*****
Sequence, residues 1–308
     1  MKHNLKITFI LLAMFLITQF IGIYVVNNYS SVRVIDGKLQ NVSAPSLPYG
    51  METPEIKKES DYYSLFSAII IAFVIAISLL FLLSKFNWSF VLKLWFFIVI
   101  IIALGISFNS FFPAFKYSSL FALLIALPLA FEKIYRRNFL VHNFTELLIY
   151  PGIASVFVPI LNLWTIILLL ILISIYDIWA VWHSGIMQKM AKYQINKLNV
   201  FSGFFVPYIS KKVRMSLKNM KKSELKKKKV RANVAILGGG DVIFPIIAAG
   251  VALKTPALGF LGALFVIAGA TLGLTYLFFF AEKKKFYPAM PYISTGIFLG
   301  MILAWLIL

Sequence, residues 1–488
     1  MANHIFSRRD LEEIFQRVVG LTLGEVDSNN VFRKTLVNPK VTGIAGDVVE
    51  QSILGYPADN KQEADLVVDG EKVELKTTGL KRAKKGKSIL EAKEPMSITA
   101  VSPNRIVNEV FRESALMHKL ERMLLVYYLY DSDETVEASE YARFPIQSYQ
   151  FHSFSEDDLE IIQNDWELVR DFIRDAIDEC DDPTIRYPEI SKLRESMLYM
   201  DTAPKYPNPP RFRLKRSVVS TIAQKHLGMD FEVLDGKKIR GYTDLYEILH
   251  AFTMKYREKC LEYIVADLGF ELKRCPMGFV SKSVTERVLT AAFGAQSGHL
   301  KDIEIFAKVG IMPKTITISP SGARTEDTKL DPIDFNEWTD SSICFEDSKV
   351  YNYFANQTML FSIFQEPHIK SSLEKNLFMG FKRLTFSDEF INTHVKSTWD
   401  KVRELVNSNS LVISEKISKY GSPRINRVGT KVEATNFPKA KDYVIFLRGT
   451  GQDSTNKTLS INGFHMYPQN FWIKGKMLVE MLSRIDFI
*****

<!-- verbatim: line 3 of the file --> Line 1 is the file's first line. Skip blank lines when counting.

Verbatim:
    51  METPEIKKES DYYSLFSAII IAFVIAISLL FLLSKFNWSF VLKLWFFIVI